AT&T has dropped its controversial $39 billion bid for Deutsche Telekom’s U.S. wireless unit, bowing to fierce regulatory opposition and leaving both companies scrambling for alternatives.
The long-expected announcement left AT&T grumbling about a shortage of airwaves to meet growing demand, while scrappy competitor T-Mobile remains up for sale by German parent Deutsche Telekom.
In a statement, AT&T said it had agreed with Deutsche Telekom, T-Mobile’s owner to end its bid to buy the company for $39 billion.
AT&T said it had thoroughly reviewed all its options — which amounted to pressing ahead with its proposal against antagonistic government regulators and a wary public, trying to breathe life into stalled talks with third parties to revamp the deal, or killing it entirely — and decided simply to trash the original plan.
AT&T’s purchase of fourth-ranked T-Mobile, announced in March, would have made it the largest cellphone company in the U.S.
AT&T is now the second-largest wireless carrier, with more than 100 million subscribers, behind Verizon Wireless, with 108 million. Sprint has 53 million, followed by T-Mobile at 34 million.
AT&T says the termination of the deal would harm consumers since the merger would have been an “interim solution” to the shortage of wireless spectrum.
Spectrum is the lifeblood of the wireless industry, and all carriers want to acquire more or have the government open additional parts of the public airwaves for auction.
“To meet the needs of our customers, we will continue to invest,” Randall Stephenson, AT&T chairman and CEO, said in the statement.
“However, adding capacity to meet these needs will require policymakers to do two things. First, in the near term, they should allow the free markets to work so that additional spectrum is available to meet the immediate needs of the U.S. wireless industry, including expeditiously approving our acquisition of unused Qualcomm spectrum currently pending before the FCC. Second, policymakers should enact legislation to meet our nation’s longer-term spectrum needs,” he said.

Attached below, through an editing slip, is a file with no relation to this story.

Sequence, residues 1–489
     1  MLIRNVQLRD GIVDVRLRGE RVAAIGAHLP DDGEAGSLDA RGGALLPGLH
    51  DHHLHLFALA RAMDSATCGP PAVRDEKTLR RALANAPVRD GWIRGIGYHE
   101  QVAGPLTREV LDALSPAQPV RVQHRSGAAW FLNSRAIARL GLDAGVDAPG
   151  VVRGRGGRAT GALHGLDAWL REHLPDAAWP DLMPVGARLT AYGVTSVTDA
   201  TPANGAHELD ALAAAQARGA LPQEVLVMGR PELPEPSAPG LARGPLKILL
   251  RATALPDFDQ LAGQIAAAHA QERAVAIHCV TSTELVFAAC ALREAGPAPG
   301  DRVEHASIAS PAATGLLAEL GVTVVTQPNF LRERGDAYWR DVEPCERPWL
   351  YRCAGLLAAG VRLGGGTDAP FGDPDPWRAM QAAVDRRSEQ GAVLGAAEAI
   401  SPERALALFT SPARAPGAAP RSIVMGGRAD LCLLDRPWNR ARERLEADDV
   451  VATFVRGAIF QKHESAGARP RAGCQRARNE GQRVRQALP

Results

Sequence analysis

As for Deutsche Telekom CEO Rene Obermann, the break-up package will not be enough to soften the blow of losing a deal that has been described as “almost a dream come true” for the German telephone company. Now Obermann will have to either invest billions more in the U.S. market or find a new way to exit the country.
“There are very few occasions when you are forced to walk away from the table with $4 billion in your pocket and still feel like you’ve just been short-changed,” said Thomas Wehmeier of research firm Informa Telecoms & Media.
Reacting to AT&T’s official scuttling of the deal, FCC Chairman Julius Genachowski issued the following statement:
“The FCC is committed to ensuring a competitive mobile marketplace that drives innovation and investment, creates jobs and benefits consumers. This deal would have done the opposite. The U.S. mobile industry leads the world in mobile innovation, and we agree with AT&T that Congress should pass incentive auction legislation that will unleash new spectrum for mobile broadband.”
AT&T will now have to pay Deutsche Telekom $3 billion in cash as a breakup fee and give it about $1 billion worth of airwaves, known as spectrum, that AT&T doesn’t need for the continued rollout of its high-speed “4G” network.
AT&T said it will continue to invest, and it called on the government to quickly approve its purchase of unused spectrum from Qualcomm Inc. and come up with legislation to meet the nation’s long-term needs.
Deutsche Telekom said the deal would not change its group forecast for 2011 expected earnings before interest, taxes, depreciation and amortisation (EBITDA) of around 19.1 billion euros ($24.9 billion).
“It’s a bigger blow to Deutsche Telekom in that they were getting a good price for that mobile asset and I don’t think there’s an alternative that’s nearly as good for them,” Pacific Crest’s Clement said.
Deutsche Telekom had planned to use the proceeds from the sale to pay debt, launch a 5 billion euro ($6.51 billion) share buyback and step up investments at home and in the rest of Europe.
Deutsche Bank, Credit Suisse, Morgan Stanley and Citigroup, which advised T-Mobile, and AT&T’s banks, which included Greenhill, Evercore and JPMorgan, stand to lose a total of $150 million in fees, according to earlier estimates from ThomsonReuters/Freeman Consulting. [via Mashable, Reuters and Huffington Post]